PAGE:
So, what caused this change? Many teams hired math whizzes in upper management roles to improve operations in both the back office and on the court. They soon found out that the expected value of a three-pointer exceeded a mid-range shot, and this edge, no matter how small, wrote the blueprint for the new NBA. The earliest adopters, like the Warriors and Rockets, trotted out players with three-point shots once reserved for a game of HORSE. As more teams adopted a similar strategy, more have purged the mid-range jumper from their playbooks. Almost one in every three shots are now a three-pointer compared to 13% at the turn of the millennium.
Types of FG Made from 1979 to Present
It’s clear that analytics gave teams and players an incentive to change, but it also created a moral hazard; the death of the post-up. This same situation plays out everywhere in economics, where incentives (good or bad) serve as the primary motivation for decision making.
A Lesson in Economics
Most people feel apathetic or unsatisfied with what they do at work each day. This can be for a number of reasons; low pay, meaningless work, and difficult colleagues. And yet, companies in America employ almost 158 million people, according to the latest employment data. Economists think incentives play a major role in why people get out of bed in the morning. That is the explicit or implicit motivators that influence certain behaviors. For millions of disgruntled workers, they simply can’t afford to sit on the couch all day. Food costs money, rent costs money, even toilet paper costs money, and the only way to make ends meet is by working.
Another common real-world incentive shows up in politics. For instance, the government provides companies with tax breaks to tackle sustainable projects or reinvest profits back into the business. But sometimes, especially in public policy, incentives can turn awry or create a moral hazard. Look at communism. The Soviet Union turned a blind eye to what motivates people and instead established negative incentives that made everyone worse off.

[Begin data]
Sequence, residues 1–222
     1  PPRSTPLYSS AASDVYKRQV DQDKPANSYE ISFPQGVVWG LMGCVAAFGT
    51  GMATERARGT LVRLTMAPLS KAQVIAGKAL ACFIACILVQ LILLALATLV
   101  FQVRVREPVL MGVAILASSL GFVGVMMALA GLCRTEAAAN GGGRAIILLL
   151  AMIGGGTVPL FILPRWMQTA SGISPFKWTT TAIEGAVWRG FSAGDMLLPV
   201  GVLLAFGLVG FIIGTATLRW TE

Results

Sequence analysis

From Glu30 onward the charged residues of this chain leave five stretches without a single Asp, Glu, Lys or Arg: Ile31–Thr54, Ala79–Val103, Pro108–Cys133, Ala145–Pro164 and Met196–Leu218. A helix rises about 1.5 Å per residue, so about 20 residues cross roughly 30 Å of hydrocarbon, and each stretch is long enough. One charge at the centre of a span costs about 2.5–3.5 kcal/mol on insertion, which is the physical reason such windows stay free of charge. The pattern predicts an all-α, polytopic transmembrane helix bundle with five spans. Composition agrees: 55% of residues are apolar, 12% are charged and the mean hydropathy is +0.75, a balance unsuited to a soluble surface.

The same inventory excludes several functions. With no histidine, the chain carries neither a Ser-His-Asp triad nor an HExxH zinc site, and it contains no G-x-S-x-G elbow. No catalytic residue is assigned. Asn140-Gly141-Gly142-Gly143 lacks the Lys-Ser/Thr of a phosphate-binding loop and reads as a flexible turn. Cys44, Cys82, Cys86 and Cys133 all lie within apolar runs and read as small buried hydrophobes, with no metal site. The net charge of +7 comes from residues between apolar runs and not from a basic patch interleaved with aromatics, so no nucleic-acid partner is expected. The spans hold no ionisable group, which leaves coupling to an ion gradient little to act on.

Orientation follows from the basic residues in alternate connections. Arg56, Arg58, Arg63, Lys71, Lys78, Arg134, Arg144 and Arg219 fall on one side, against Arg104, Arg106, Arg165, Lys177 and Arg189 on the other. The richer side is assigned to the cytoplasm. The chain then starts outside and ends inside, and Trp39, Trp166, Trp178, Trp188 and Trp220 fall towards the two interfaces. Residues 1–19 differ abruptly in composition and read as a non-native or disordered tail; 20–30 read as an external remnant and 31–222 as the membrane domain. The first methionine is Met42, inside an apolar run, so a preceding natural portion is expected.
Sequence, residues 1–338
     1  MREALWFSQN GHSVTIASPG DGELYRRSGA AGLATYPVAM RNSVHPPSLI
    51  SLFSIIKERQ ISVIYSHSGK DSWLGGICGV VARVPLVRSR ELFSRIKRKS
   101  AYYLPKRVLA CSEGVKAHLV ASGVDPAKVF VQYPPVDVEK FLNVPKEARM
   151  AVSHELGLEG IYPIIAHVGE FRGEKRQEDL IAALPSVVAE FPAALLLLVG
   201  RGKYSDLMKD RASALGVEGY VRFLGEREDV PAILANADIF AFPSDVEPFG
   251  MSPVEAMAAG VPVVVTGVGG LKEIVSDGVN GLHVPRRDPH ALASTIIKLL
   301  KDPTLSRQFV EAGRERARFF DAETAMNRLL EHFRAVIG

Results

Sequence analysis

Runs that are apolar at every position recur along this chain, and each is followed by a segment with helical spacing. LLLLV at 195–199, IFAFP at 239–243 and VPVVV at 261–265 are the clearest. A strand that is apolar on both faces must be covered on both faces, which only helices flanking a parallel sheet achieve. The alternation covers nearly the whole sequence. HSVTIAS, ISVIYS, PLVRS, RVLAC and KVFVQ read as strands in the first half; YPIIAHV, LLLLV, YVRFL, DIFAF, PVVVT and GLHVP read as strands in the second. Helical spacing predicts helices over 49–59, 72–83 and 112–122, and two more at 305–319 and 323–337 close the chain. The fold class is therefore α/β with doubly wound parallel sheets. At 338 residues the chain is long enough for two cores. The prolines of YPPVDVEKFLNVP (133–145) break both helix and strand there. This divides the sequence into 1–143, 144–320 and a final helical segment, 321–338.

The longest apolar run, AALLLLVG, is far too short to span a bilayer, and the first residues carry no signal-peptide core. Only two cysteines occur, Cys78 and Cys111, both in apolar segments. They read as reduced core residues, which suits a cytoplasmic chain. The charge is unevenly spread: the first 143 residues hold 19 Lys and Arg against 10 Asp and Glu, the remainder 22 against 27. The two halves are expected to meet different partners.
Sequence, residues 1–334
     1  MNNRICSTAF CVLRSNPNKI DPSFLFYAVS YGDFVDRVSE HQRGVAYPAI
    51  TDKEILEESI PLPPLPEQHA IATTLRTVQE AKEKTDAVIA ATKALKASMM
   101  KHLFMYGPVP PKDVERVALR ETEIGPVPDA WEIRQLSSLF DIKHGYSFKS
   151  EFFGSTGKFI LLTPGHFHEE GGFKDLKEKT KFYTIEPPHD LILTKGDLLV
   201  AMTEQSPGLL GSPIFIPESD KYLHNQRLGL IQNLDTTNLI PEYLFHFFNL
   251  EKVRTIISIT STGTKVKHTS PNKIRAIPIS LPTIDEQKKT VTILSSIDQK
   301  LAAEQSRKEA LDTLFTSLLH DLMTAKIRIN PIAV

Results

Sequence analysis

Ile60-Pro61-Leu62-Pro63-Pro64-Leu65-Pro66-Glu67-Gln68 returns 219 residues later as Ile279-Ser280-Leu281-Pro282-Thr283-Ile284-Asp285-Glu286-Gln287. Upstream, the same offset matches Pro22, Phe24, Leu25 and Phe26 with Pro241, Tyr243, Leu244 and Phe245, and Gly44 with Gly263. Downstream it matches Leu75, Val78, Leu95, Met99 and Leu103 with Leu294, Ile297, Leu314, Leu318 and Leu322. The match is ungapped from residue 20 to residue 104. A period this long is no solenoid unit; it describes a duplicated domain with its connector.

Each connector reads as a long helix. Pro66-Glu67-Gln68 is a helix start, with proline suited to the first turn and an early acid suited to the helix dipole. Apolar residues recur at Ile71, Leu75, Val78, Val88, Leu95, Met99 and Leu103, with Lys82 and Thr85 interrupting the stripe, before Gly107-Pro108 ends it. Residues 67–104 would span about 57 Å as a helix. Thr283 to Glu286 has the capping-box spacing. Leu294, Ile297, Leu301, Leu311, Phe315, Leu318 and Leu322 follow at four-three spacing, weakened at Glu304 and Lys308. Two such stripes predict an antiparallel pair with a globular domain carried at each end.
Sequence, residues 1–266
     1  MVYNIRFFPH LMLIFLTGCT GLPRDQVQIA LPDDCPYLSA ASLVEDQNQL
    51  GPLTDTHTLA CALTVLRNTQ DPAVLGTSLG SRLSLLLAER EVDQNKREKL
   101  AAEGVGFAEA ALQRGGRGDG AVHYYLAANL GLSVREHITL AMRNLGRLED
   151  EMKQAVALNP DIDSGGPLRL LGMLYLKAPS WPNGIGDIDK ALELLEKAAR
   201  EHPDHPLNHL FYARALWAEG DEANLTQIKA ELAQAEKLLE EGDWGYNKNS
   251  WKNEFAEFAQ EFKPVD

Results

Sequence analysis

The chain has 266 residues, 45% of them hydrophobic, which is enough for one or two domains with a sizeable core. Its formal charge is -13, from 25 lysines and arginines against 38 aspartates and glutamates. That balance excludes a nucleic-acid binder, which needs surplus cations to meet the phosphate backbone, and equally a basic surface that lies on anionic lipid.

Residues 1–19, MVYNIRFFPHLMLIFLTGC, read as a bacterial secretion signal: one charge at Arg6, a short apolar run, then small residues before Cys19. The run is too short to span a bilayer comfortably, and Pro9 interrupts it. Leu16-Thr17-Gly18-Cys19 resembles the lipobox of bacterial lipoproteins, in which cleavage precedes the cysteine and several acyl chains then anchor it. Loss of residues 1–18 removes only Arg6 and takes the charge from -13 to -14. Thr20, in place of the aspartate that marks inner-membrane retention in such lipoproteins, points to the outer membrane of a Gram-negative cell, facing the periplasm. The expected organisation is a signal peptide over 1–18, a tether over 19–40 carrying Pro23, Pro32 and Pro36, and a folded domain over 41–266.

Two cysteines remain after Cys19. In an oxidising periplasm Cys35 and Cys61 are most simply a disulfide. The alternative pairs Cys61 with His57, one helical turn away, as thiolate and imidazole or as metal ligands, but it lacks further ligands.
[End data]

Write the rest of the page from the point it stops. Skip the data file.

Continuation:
Back to the Court
In 1979, the NBA introduced the three-point line to give shorter players a fair shot at competing with the dominant big men of the time. But a decade would pass before the deep shot gained traction. Even then, few players attempted more than a handful per game. Reggie Miller, the first true deep threat, averaged less than 5 three-pointers per game over his 17-year career with the Indiana Pacers. That number sauntered along as great shooters came and went through the NBA. Players like Ray Allen and Peja Stojakovic each averaged about 5.5 attempts per game over their careers, only slightly higher than Reggie’s career marks.
Fast forward to today, and Steph Curry and James Harden, arguably the two best shooters, each attempted 10 three-pointers per game last season, while over 60 players took more than 5 deep shots. Far too many players just loiter behind the arc without any discernible offensive moves beside the ability to hit an open shot. In a way, this relentless pursuit of efficiency also started the trend towards strategic homogeneity in the NBA.
Don’t Hate the Player, Hate the Game
James Harden recently said he was working on a new move “that looks like a travel, but it’s not.” Fans have criticized his style of play in the past for teetering on the edge of illegal and fair, and this time should be no different. But the onus to police questionable moves falls on the NBA, not Harden. The league’s complacency in restoring more variety back to the game allows players like Harden to continue to exploit (follow) the rules. Maybe the NBA should take a lesson from the past—when they introduced the three-point line—and change the incentive structure. Move the three-point line back, incorporate a four-point shot, or anything else. Until then, fans should expect to see more “step backs” and blatant flops around the three-point line.
Because in the end, incentives matter.
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